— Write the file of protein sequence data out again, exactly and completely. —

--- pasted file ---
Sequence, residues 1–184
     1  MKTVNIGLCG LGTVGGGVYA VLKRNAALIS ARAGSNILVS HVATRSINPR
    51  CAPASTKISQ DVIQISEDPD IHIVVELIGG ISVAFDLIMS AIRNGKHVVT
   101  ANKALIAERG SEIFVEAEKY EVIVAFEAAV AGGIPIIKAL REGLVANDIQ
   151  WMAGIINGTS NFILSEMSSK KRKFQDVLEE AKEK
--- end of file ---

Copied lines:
Sequence, residues 1–184
     1  MKTVNIGLCG LGTVGGGVYA VLKRNAALIS ARAGSNILVS HVATRSINPR
    51  CAPASTKISQ DVIQISEDPD IHIVVELIGG ISVAFDLIMS AIRNGKHVVT
   101  ANKALIAERG SEIFVEAEKY EVIVAFEAAV AGGIPIIKAL REGLVANDIQ
   151  WMAGIINGTS NFILSEMSSK KRKFQDVLEE AKEK